Thursday, 6 October 2011

Human Rights and Wrongs 2: Misjudgement Day

Well it seems as good a time as any to roll out some more grumpy misgivings about 'Human Rights', seeing as Mrs May has put them front and centre with her conference speech. Yesterday saw a storm re-emerge over the interference in British law of the European Convention on Human Rights (ECHR or Convention); Article 19 of which created the unambiguously acronymed European Commission of Human Rights (ECHR - or Commission) and the European Court of Human Rights (ECHR - or Court). Actually more specifically the Home Secretary was talking about the Human Rights Act; the 1998 British legislation codifying into British law pretty much word for word, the main articles of the Convention. Now we've got the difference between those lot sorted, we can move swiftly on...

I've blogged before (here and here in the most part) about human rights. I have long promised some more on the matter, but I always tire at the sheer enormity of the task ahead and choose the easy route and shout instead about people who engage their handbrake at traffic lights and those who queue at passport control with their passports buried deep in their bags. They're easy wins you see. Now Theresa May's speech talked in part about amending British laws to deal with those foreigners who come to Britain, commit crimes and then use aforementioned legislation to remain in Britain and avoid deportation. I'll talk about that today, but also the wider scheme of things - what essentially are human rights?

Simply put human rights are those things that one has a right to by being human. They are the codification of what is considered morally to be owed to a human by his very existence. Unsurprisingly we see the right to life, the right to liberty, the right to freedom of speech for example, as basic human rights. They are all by definition generic - they apply equally across the spectrum of humanity; to tribes in the depths of the Amazon, workers in China and the inhabitants of Pratt's Bottom in Kent.

It is one's humanity alone that places them in the Venn diagram circle marking out those to whom human rights apply. It is not belonging to one nation or another, nor being part of on political system or other. So, we should not view rules of said nations or political systems as existing on the same level nor should we do the same with prevailing social norms. They come at a sub-layer of humanity; that is, human law is an absolute foundation on which other systems of law may be built. Those systems may make constitutional law to enforce human law or indeed derogate from it, but that does not alter the ultimate truth of a human right.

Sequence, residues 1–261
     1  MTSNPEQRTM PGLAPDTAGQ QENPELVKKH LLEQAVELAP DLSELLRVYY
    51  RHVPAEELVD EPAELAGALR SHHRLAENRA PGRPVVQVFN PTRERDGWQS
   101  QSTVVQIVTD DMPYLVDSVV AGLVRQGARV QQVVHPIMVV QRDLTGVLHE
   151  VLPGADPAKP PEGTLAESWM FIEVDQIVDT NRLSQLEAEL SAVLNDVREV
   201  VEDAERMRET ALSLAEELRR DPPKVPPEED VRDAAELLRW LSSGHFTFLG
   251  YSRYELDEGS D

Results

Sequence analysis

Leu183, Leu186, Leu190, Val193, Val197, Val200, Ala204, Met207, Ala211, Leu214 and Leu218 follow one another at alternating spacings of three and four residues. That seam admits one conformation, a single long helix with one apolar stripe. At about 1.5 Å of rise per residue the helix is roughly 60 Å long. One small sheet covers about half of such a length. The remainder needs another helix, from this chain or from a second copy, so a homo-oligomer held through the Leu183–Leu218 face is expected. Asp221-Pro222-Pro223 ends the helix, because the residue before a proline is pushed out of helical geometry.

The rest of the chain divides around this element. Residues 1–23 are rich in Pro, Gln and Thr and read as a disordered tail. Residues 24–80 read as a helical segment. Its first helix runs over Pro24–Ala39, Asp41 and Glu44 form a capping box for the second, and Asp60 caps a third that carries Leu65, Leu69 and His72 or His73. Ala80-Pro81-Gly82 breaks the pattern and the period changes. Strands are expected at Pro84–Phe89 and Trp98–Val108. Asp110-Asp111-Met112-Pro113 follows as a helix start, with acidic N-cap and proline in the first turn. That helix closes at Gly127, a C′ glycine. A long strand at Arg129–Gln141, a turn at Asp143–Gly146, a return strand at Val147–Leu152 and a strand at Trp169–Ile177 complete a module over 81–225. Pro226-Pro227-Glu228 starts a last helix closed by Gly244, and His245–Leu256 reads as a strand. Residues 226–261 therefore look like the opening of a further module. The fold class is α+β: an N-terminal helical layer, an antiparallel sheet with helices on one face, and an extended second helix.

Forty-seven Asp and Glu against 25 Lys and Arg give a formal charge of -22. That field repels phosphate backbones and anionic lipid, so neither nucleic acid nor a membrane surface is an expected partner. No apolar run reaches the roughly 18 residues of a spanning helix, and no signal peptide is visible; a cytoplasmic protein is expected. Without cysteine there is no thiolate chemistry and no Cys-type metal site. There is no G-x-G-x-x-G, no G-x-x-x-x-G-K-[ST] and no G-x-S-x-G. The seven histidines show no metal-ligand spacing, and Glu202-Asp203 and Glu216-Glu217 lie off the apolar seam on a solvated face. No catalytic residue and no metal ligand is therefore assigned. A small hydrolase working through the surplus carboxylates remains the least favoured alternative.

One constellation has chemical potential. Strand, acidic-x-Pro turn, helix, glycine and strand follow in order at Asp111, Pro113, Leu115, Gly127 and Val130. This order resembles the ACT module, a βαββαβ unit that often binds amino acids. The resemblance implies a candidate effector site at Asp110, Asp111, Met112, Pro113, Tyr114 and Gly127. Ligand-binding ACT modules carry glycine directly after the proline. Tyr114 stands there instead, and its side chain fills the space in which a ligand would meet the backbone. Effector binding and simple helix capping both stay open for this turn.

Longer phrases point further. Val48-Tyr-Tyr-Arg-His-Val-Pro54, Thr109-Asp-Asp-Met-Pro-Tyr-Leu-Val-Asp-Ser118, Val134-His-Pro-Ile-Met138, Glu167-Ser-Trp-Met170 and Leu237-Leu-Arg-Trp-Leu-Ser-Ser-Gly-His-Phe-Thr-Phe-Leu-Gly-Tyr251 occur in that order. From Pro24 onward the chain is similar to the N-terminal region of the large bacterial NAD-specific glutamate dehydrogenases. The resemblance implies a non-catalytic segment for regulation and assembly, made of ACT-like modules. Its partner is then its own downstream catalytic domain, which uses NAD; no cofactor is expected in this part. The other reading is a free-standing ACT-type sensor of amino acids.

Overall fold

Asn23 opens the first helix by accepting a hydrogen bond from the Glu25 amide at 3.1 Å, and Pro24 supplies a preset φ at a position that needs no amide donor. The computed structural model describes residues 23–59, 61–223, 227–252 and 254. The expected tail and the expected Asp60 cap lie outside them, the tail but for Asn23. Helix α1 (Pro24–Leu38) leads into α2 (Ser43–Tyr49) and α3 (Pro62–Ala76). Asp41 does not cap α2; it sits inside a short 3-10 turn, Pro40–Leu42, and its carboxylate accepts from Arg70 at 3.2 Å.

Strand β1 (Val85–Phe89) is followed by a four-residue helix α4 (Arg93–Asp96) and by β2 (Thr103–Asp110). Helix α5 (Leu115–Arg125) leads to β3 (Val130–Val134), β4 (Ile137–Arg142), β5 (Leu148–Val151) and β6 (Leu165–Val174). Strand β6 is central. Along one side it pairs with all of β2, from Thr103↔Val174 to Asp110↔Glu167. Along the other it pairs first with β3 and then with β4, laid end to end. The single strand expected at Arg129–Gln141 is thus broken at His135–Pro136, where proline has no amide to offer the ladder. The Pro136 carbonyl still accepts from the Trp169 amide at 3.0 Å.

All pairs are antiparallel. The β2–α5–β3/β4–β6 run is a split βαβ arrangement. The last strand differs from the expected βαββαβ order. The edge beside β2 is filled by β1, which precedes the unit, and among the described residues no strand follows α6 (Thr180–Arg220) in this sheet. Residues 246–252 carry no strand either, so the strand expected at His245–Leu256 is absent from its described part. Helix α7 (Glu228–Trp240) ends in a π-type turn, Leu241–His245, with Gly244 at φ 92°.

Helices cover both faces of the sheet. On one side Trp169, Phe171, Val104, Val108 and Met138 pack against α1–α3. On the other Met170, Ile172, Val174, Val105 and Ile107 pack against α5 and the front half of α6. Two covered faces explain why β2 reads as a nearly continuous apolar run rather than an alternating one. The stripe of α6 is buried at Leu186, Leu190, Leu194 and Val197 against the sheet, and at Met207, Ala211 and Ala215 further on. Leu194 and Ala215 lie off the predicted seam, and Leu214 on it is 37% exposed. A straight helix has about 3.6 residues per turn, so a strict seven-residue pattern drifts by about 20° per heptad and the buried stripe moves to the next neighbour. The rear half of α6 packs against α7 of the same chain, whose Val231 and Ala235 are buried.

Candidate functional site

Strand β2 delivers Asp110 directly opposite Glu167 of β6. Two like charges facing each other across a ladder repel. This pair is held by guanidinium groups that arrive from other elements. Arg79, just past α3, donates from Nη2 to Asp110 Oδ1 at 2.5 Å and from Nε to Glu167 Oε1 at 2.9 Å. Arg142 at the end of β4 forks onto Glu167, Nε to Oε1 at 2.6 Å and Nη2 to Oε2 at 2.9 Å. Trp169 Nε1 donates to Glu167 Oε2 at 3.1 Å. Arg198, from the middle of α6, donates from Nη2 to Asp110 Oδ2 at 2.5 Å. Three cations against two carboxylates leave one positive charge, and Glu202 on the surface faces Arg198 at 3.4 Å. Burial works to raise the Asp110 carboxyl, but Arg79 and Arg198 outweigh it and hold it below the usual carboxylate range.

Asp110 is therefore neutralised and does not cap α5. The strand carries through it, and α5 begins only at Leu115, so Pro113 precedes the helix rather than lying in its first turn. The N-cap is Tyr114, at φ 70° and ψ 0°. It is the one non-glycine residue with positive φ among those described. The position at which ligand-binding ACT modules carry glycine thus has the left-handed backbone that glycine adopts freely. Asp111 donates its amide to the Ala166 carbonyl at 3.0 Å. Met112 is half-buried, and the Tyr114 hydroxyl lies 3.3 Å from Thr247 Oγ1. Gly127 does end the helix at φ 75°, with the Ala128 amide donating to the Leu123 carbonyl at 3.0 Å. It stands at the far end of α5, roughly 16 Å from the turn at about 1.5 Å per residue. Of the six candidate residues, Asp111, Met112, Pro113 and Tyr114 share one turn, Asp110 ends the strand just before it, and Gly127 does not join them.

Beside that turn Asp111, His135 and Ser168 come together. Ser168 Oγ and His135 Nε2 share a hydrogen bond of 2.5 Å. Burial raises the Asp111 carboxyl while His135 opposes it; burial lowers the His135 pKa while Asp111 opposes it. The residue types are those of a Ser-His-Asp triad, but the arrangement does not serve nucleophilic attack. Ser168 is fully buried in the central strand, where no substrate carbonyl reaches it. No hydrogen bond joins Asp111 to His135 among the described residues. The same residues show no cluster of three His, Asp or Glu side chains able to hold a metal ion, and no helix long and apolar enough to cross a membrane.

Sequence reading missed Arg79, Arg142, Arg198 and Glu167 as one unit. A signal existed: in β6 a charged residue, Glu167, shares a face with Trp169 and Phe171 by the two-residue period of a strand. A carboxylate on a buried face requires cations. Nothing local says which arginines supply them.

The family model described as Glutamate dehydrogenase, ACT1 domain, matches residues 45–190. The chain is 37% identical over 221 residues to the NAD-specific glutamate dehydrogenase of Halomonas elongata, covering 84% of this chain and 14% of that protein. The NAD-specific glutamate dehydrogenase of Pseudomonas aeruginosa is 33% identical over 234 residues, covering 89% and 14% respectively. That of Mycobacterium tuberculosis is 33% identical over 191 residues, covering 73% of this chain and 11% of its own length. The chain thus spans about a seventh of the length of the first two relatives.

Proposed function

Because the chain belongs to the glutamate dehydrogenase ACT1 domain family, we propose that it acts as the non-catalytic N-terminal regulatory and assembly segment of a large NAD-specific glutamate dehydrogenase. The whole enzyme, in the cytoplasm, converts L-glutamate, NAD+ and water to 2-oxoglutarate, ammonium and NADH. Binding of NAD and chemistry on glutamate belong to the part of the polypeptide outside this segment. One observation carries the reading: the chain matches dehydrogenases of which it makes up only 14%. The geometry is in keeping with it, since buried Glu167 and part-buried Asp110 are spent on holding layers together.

I go into such rather confusing detail because 'human rights' have been perverted in their meaning, certainly in Britain to include some quite ludicrous things. Hereafter I hope to look at a few human rights and wrongs issues, both trends and particular cases. There will be some overlap from case to case so bear with me. This is going to be a long one…

Let us kick off with voting; one of several issues concerning prisoners where the Government has fallen foul of the Court. You can guess where I stand on this one. Being human has nothing to do with voting. Voting is a function of a Governmental system. A Governmental system is a layer apart from human law.

If you live on a desert island on your own (with presumably one luxury, the complete works of Shakespeare and some dubiously chosen music) you are human and should be afforded (for example) the protection of human rights to life, free speech and peaceful assembly if one can assemble a crowd of one. You have no human right to vote though. Being allowed to vote is down to the law of the land - it is a constitutional right, not a human one, and there is no constitution of which Robinson Crusoe is aware. The constitution can say what it likes, as long as it is not diminishing the rights as laid out in the Convention. Article 17 states "Nothing in this Convention may be interpreted as implying for any State, group or person any right to engage in any activity or perform any act aimed at the destruction on any of the rights and freedoms set forth herein or at their limitation to a greater extent than is provided for in the Convention." Since disallowing prisoners the right to vote is nowhere to be seen in the Convention, Article 17 has not been breached.